Big Oil, a name coined for the group of large-cap super majors like Exxon Mobil Corp (XOM) , British Petroleum (BP) and Royal Dutch Shell (RDS.B) , has been in perennial decline despite oil price cycles as they tend to underperform on the way up and down. Being the victims of their own success, they have become so big, that to move the needle and to grow is so much harder. These behemoths pump in excess of 3.5 million barrels per day (mbpd), which is more than some OPEC nations combined.
Last week, Chevron Corp (CVX) agreed to buy Anadarko Petroleum Corp (APC) for $33 billion in stock and cash, with an aim to take it a notch higher into the Super Majors league, expanding into shale, putting it right behind Exxon. This acquisition will allow Chevron to become one of the leading operators in the U.S. shale region (West Texas and New Mexico) at a time when the U.S. is overtaking Saudi Arabian and Russian daily production. Strategically, the deal makes a lot of sense as mid- to small-cap oil companies have been badly mismanaged due to overspending, trying to boost growth but with less capital discipline. Shareholders have grown wary of their bad performance, asking for more shareholder return than just pure growth.
Many of the U.S. shale operators have seen massive decline rates, costing them more to just maintain production, let alone grow it. Big oil has been much more capital disciplined relatively; they have scalability and more resources to really take advantage of the acreage area. Finding conventional resources of oil are harder to come by, so the growth in this last cycle has been about blasting sand and water into formations to extract oil -- fracking. U.S. exports about 12 mbpd, and the new combined company will produce more than 1.6 mbpd in the U.S.
Over the last two years, Chevron's stock has gained 25% and Anadarko's stock has fallen 23%, with Chevron trading on about 7.9x EV/EBITDA multiple, while Anadarko traded at 5.7x EV/EBITDA. So one can say it was a fair deal and quite opportunistic. This deal is not only about shale, it is also about liquefied natural gas. Anadarko has a Mozambique project, which is one of the industry's largest. LNG is the way forward, as countries look for cheaper ways to replace fuel and coal generation.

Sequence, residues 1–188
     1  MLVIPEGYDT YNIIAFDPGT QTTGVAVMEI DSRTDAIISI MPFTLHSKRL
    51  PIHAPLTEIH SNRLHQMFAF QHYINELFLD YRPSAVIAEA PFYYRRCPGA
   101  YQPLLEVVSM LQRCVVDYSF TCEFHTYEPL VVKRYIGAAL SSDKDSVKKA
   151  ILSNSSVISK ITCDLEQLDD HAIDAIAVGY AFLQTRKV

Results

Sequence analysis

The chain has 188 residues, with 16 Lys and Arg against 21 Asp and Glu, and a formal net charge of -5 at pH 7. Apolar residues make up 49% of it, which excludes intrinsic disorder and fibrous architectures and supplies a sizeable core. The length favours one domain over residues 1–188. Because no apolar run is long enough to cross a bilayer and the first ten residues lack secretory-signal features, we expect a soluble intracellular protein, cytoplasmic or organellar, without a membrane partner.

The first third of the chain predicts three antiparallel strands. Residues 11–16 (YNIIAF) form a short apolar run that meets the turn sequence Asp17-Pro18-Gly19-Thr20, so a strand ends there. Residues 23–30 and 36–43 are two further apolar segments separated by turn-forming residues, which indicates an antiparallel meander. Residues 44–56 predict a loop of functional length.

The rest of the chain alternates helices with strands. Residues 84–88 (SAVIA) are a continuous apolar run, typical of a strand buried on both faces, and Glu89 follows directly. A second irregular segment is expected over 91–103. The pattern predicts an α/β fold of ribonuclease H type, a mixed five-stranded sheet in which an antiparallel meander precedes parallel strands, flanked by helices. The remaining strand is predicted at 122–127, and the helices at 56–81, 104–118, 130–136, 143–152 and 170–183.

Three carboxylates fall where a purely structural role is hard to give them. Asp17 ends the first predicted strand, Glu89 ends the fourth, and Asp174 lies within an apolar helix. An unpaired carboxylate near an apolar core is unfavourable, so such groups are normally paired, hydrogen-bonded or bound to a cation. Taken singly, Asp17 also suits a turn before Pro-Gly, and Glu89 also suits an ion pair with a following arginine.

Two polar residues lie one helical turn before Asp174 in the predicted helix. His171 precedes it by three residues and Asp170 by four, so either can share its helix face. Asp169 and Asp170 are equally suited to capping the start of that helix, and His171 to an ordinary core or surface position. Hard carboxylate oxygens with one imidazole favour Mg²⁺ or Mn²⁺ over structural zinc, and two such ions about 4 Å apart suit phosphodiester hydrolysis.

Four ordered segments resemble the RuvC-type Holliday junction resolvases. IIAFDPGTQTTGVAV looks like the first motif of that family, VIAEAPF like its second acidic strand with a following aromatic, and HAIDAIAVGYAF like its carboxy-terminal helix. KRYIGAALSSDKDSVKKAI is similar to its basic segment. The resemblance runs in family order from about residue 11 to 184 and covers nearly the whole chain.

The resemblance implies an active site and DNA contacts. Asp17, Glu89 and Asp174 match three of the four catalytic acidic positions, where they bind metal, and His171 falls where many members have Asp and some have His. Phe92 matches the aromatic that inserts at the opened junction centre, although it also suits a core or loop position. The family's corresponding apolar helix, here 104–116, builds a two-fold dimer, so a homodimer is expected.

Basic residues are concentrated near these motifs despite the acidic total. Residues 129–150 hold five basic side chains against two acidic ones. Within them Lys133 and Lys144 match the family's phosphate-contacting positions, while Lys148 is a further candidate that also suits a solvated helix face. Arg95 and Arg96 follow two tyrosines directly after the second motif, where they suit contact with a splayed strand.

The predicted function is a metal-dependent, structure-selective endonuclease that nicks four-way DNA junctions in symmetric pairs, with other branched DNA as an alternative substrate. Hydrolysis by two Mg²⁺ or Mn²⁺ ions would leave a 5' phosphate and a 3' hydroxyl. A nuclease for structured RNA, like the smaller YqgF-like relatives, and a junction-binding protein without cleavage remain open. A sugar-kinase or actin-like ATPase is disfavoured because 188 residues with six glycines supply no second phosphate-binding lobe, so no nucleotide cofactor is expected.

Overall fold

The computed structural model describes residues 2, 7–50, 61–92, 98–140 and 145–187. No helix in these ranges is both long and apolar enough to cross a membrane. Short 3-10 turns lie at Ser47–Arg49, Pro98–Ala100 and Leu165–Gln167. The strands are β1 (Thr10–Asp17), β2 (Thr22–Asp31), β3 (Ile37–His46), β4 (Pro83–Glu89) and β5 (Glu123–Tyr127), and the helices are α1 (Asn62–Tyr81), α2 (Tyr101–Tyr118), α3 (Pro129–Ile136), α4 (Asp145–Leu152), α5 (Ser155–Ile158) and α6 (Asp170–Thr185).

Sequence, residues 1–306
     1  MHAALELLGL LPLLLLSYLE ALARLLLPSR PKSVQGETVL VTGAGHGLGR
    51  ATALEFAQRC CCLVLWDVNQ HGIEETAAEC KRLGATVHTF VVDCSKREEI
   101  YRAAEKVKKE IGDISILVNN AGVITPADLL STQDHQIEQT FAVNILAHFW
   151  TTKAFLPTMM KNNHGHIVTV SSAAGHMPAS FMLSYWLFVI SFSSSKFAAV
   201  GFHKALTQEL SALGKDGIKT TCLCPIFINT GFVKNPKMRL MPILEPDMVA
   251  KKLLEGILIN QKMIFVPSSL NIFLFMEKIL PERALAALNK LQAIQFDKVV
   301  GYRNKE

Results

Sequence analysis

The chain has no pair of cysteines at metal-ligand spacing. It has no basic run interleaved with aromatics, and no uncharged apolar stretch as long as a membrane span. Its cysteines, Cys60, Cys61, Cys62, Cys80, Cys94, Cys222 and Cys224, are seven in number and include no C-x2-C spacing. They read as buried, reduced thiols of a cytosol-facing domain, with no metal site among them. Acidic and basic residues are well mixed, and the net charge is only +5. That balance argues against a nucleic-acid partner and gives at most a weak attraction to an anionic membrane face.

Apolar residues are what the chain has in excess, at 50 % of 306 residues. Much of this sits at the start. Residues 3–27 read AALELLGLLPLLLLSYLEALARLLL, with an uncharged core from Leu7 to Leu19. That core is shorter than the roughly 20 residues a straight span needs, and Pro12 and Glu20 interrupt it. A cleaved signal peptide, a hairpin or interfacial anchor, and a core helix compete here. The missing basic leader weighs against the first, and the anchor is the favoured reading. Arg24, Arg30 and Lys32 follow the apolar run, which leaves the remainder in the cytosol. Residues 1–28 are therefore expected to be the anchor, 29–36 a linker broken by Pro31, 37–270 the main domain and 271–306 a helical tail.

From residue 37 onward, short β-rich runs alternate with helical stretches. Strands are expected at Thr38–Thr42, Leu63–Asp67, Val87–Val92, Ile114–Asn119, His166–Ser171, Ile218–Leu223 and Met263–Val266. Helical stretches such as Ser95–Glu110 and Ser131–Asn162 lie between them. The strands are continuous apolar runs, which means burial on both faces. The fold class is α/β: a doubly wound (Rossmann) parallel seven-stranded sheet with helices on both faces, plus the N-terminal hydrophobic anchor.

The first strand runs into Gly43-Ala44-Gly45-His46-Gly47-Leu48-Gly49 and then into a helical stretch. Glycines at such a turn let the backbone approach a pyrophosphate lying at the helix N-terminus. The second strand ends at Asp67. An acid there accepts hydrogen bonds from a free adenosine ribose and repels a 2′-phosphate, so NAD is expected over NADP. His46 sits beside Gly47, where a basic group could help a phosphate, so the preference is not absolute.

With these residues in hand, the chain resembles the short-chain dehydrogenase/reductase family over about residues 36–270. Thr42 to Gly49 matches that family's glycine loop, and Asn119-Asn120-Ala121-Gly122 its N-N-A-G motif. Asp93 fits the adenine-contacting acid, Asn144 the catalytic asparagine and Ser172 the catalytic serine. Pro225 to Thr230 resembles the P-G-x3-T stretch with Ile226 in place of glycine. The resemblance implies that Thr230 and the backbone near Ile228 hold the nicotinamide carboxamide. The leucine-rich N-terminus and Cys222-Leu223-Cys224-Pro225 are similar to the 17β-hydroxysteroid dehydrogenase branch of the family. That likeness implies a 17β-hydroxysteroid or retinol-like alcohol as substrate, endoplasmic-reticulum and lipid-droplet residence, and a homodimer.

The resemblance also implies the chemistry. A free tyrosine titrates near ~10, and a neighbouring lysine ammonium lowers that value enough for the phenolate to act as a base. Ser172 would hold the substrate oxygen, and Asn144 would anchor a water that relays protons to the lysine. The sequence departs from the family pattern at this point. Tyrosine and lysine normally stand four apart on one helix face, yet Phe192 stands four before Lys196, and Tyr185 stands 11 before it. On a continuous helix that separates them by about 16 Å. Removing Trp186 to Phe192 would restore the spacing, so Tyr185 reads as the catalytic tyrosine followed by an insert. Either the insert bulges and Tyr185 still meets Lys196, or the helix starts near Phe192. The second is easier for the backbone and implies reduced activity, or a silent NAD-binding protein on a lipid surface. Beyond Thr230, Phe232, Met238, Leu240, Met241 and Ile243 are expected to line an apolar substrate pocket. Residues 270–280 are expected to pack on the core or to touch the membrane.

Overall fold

Based on the deal metrics, Anadarko will receive 0.3869 shares of Chevron plus $16.25 in cash for each share, about a 39% premium from the previous day's close. The deal terms values Chevron at $62.5/shares vs. its closing price of $61.78/shares, implying a discount of just 1.3%. Such a low discount means that shareholders pretty much expect the deal to go through and shareholders to vote for it, perhaps even less room for other bidders to counterbid Chevron's offer. Chevron plans to dispose of about $15 billion-$20 billion in assets post the deal closing to reduce debt and return cash back to shareholders. It expects the deal to be free cash flow and earnings positive a year from the purchase date and will boost its buyback by $1 billion.
This deal will boost the values of other shale operators. But one cannot be mechanical about extrapolating the same multiple across the board, as each E&P operator has its own unique cost structure and cash position, combined with the right acreage. This deal makes a lot of sense for Chevron and its strategy; one that shareholders will look to reward over time as they start seeing it being executed properly.
Whether it made the purchase at top of the cycle, it is hard to tell. At least oil is not trading in excess of $100/bbl. it is more fairly valued here, even if quite boring given the excess supply in the market for the time being. It is well managed by OPEC+ nations to provide a floor around $45/bbl. Given modest demand growth, one can assume oil price (excluding Chinese growth collapse and/or U.S. recession) is closer to $65-$70/bbl, for now. But these big oil companies do not focus on quarter-on-quarter oil prices, instead they focus on the next 10 years.
Their job is to keep growing production at the lowest price possible, extracting as much revenue and paying back to shareholders and reinvesting in the company. It is a delicate task to manage, hence when an investor invests in oil companies, they are dismayed by the low nominal returns -- especially vs. the likes of FAANG stocks that keep growing in excess of 20%-40% year over year.
It all depends on the type of investor you are. Income investors love investing in Big Oil, as it gives them some dividend income. For more active total return Hedge Funds, this sector continues to be a source of shorts unless one can say oil market is in an ultra-bull market? Hardly so.